World War II pushed aviation pioneering hard.
Safety did not come first, because people were already dying on the front lines, and beyond.
War changed the rules, and aviation history is full of flights that today, would be considered recklessly irresponsible. But the flights were unimaginably heroic.
The Hump was a name that WWII pilots used for the Himalayan Mountains, and flying it in 1942 without adequate navigation, information, weather reports, and technical support was an aviation nightmare.
But American pilots, in conjunction with other Allied pilots, flew it every day for almost three years at President Roosevelt’s request.
The US had been sending American pilots and aircraft to China to fight the Japanese invasion for years on an unofficial basis. The Flying Tigers had been mercenaries, flying combat air missions against the Japanese over the Chinese mainland, until the US joined WWII and Roosevelt was able to officially recognize their efforts.
America was directly fighting the Japanese in the Pacific and supporting Chiang Kai-shek’s battle in China.
By 1942, Japan had blocked the Burma Road in addition to coastal China, and the only way to get supplies to the Chinese forces was to fly them in, over an air route that is, even today, considered extremely dangerous.
The civil aviation infrastructure was called on to provide pilots with the skill to fly this route, and the newly-formed Civil Aeronautics Administration Standardization Center in Houston, Texas, was a natural source for training.
Cloyce Joseph Tippett, then a First Lieutenant in the Air Corps Reserve, was the Senior Advanced Flight Instructor at the Houston Standardization Center, and he also had plenty of flight time in the Douglas C-47 Skytrain, the aircraft assigned to the effort.
Tip trained pilots specifically for the conditions they would encounter on the route, and certified them for mulit-engine flying in the C-47.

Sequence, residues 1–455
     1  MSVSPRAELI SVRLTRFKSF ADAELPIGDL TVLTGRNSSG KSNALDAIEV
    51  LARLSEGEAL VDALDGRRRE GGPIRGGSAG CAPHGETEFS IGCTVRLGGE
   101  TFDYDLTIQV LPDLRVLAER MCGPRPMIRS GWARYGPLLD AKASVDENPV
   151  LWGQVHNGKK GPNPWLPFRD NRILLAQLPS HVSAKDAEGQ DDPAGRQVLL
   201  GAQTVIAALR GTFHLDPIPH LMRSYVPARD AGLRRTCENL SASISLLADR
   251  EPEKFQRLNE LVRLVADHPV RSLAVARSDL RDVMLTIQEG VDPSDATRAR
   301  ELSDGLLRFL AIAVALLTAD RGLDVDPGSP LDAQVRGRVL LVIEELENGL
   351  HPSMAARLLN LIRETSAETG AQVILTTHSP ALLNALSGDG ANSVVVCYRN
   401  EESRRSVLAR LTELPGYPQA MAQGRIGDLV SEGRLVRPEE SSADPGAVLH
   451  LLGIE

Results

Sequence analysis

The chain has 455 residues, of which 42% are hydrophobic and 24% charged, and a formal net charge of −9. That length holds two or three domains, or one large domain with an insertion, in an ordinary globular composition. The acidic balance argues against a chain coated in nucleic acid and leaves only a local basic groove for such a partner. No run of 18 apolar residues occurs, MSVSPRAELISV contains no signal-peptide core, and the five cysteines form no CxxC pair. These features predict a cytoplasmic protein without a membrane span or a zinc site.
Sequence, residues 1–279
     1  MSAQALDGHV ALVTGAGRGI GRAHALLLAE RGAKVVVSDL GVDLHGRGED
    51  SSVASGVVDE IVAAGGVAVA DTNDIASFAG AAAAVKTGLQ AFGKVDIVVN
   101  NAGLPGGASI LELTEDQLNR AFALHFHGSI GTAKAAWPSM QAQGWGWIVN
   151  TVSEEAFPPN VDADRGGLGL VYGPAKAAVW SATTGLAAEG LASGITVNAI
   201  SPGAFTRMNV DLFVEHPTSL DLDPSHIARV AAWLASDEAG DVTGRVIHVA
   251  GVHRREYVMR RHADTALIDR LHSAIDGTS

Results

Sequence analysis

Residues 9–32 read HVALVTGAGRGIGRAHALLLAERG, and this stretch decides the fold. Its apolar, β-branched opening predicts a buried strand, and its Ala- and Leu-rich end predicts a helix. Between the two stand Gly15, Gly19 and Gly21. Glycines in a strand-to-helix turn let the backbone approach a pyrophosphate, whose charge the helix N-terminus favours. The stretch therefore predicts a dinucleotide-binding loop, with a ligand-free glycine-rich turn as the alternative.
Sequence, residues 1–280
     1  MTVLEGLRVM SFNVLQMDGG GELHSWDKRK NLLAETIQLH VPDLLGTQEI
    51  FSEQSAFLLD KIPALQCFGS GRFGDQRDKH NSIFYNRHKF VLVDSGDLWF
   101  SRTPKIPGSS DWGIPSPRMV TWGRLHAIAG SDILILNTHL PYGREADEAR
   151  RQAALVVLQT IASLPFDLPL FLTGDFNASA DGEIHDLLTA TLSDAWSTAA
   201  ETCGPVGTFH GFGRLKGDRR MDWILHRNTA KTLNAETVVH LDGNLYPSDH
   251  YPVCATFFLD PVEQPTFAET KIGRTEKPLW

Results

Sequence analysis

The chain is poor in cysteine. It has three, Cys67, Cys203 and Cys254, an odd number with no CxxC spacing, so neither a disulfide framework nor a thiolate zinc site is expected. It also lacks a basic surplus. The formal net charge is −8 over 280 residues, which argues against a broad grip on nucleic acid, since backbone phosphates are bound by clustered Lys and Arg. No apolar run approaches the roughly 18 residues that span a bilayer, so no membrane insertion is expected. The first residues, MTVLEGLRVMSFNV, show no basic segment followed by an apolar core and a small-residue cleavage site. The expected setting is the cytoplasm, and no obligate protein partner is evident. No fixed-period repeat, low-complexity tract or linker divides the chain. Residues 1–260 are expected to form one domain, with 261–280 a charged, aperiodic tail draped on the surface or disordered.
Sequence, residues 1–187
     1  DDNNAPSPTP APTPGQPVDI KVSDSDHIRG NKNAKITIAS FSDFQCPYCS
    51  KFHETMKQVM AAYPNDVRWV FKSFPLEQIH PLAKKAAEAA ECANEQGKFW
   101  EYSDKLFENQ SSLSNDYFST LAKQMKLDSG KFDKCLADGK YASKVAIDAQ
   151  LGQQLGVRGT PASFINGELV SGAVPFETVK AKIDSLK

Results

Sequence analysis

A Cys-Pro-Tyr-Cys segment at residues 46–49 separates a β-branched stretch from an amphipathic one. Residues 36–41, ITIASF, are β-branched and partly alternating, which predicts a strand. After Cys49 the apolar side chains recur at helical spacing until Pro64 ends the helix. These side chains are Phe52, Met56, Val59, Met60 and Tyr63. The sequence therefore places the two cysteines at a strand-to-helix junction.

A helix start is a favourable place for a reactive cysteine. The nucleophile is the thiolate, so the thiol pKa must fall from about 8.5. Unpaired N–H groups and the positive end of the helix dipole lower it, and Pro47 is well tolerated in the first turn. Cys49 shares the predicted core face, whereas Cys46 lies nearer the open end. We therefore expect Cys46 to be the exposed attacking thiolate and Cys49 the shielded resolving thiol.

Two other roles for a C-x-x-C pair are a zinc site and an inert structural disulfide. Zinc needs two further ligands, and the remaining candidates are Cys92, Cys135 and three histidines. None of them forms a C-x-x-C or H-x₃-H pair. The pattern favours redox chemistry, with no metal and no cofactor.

Tip had been flying a CAA owned DC-3 for years and he was already known for his commitment to flight safety. Tip believed that preparation and training were the key. If the risk had to be taken, then the pilots had to be certified in instrument flying, multi-engine flight, and every kind of navigation possible. So he got to work.
The C-47 Skytrain was a version of the Douglas DC-3, the most reliable aircraft of the age. The C-47 had a reinforced floor and cargo door, making it more suitable for supply runs. But even so, the altitudes that pilots had to fly to get through and over the Himalayan Mountains were pushing the C-47’s design limits.
Additionally, the aircraft were often overloaded at take-off, and unpredictable weather forced pilots to push fuel ranges to skip flooded landing strips.
The crash rate was heartbreakingly high, but the pilots continued to fly the route, and the C-47 Skytrain performed admirably until finally replaced by larger, more suited aircraft.
In today’s aviation world of GPS navigation, constant radio communication, and multi-layered safety protocols, the conditions that routinely faced pilots flying the Hump were astounding… and unacceptable.
But not only did the pilots, crew, and support staff of the 1940s accept the conditions, they met the challenge and paid the price.
Some of the most courageous aviation pioneering took place there, and their stories are riveting. Tip was proud of the pilots he met and trained, and considered them his personal heroes.